CINCINNATI -- OK, it's only Aug. 19 and there still has yet to be a single down of regular-season football to be played.
But the Cincinnati Bengals have to be feeling good about their first-team offense's impressive performance to this point in the preseason, right?
While you won't hear any of the coaches publicly acknowledge it, there are some people around the team who have taken note and are impressed with what they've seen so far. Namely, it's the players. To this point in the preseason, they believe members of the starting group have paid the right amount of attention to the finer details of their individual positions, and they think the chemistry that comes along with now four straight seasons of honed relationships has helped the timing and execution of new offensive coordinator Hue Jackson's scheme.
The starting offense was so good Saturday night against Rex Ryan's always strong first-team Jets' defense that quarterback Andy Dalton stood behind a clean pocket for most of his 17 plays, passing a flawless 8-for-8 and connecting with his receivers for 144 yards and a touchdown. He had a perfect passer rating of 158.3, and seemed as poised as he has ever been.
That performance followed up a similarly impressive, albeit shorter, outing at Kansas City the week before. Dalton went 3-for-5 for 71 yards in his lone drive against the Chiefs. All four drives he has led in limited action these two preseason games have resulted in scores. His offense has converted two touchdowns (one of them was a 1-yard Giovani Bernard rush) and two field goals. Combined, he is 11-for-13 with 215 passing yards and one touchdown. This also marks the first time in Dalton's career that he's had an average passer rating (131.3) over 100.0 through his first two preseason games. It's also the first time he has thrown for more than 200 yards through two preseason games.
So what is it that has changed? Is it Dalton? Is it the offense? Is it both?
"Right now, from a stats standpoint you can say the offense looks good, but there's a lot of offenses in the league that are good in the preseason," Pro Bowl offensive tackle Andrew Whitworth said. "It's the little things that you see -- guys hustling to the football, guys getting each other's backs, guys [doing] the stuff that we're saying is a point of emphasis that week, and guys going out there and executing the play not just because the play worked, but because it was executed correctly."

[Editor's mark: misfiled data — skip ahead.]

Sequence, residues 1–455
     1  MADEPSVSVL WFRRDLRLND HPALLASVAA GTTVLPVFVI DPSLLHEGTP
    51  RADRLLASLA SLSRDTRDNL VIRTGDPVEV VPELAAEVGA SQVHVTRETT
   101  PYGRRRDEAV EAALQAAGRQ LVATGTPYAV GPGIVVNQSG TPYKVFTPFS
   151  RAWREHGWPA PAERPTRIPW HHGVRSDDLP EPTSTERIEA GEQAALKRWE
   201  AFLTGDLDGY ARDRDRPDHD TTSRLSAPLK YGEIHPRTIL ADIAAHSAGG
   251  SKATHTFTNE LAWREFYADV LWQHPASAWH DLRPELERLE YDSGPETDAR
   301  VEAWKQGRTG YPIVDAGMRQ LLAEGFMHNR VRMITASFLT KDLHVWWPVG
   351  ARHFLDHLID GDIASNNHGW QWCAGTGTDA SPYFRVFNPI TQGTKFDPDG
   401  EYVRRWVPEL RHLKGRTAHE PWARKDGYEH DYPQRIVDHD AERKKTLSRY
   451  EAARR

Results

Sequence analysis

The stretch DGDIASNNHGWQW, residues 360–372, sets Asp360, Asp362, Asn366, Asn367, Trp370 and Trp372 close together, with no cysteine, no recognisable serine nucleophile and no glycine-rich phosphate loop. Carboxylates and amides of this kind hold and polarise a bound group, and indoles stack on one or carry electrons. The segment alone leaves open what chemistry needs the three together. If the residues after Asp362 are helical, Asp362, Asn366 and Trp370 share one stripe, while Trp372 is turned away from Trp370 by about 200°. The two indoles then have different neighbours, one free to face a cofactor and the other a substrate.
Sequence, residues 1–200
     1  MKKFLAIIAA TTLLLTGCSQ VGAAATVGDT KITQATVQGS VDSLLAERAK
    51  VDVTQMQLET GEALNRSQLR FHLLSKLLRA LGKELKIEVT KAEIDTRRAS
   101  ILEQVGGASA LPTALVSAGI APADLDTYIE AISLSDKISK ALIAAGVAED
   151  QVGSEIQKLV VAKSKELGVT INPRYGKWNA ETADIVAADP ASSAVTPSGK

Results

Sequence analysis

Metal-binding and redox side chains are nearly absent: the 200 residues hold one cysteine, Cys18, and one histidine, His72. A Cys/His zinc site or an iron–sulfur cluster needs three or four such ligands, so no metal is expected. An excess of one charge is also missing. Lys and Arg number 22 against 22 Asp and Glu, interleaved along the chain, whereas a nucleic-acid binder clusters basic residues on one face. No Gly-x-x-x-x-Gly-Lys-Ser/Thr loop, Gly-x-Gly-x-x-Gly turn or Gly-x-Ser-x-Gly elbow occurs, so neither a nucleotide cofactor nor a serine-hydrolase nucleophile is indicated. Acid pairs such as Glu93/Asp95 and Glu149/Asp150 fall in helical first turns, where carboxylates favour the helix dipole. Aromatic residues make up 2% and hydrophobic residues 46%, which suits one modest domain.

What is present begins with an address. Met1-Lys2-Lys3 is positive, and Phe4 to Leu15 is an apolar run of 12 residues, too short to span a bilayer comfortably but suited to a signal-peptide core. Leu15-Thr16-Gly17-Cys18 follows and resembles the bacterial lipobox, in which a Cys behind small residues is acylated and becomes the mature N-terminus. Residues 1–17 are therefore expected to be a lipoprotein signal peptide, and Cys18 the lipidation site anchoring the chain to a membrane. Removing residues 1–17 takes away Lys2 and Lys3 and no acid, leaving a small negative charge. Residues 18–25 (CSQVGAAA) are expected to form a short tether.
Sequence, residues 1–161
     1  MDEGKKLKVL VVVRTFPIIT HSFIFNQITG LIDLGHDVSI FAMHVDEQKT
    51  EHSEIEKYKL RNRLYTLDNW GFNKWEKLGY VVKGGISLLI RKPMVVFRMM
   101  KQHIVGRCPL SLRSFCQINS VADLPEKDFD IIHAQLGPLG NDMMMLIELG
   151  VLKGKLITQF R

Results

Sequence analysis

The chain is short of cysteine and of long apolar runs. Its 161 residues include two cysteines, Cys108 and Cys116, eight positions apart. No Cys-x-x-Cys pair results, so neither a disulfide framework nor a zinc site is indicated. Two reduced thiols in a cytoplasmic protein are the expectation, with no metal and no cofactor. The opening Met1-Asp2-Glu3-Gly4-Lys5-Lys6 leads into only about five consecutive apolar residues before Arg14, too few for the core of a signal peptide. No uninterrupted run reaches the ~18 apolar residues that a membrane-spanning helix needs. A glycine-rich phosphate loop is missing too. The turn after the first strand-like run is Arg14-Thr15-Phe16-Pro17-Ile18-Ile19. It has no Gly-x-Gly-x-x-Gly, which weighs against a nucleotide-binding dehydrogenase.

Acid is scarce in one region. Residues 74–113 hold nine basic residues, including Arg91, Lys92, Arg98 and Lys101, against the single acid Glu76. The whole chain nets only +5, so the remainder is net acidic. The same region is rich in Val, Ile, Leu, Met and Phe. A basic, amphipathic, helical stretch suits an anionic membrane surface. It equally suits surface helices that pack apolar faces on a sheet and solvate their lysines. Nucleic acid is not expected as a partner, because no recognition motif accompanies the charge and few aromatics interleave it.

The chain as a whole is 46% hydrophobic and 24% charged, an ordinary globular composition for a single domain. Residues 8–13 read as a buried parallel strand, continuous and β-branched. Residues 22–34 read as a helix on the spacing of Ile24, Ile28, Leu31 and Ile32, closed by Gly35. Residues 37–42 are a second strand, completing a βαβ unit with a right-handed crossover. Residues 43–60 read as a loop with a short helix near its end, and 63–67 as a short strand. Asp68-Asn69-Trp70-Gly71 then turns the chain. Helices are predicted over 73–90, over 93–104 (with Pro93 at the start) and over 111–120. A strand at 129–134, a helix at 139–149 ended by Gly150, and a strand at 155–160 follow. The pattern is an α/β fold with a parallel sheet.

Whitworth added: "It's efficiently ran plays."
Three of Dalton's 11 completions have gone for more than 30 yards. Each of them traveled that far in the air, giving the Bengals a series of chunk plays. The two throws of that ilk Cincinnati had Saturday resulted in touchdowns. One of them, a 35-yard bomb to A.J. Green, put the Bengals in goal-line territory ahead of Bernard's dive. The other, a 43-yard strike in stride to Mohamed Sanu, was a touchdown itself, complete with a Sanu dance.
"The two throws down the field were tremendous," injured backup quarterback Jason Campbell said. "It's fun to watch, because these guys are in their fourth year together and this is kind of the year where you kind of start springing forward."
So is it better attention to detail? Is it chemistry? It actually appears to be a combination of both.
But whatever the case may be, the Bengals' first-team offense certainly appears to be rolling. Now for the big question.
Can it sustain its success for more than one quarter?
We'll find out Sunday night at Arizona when the starters presumably play a bit longer than they have been.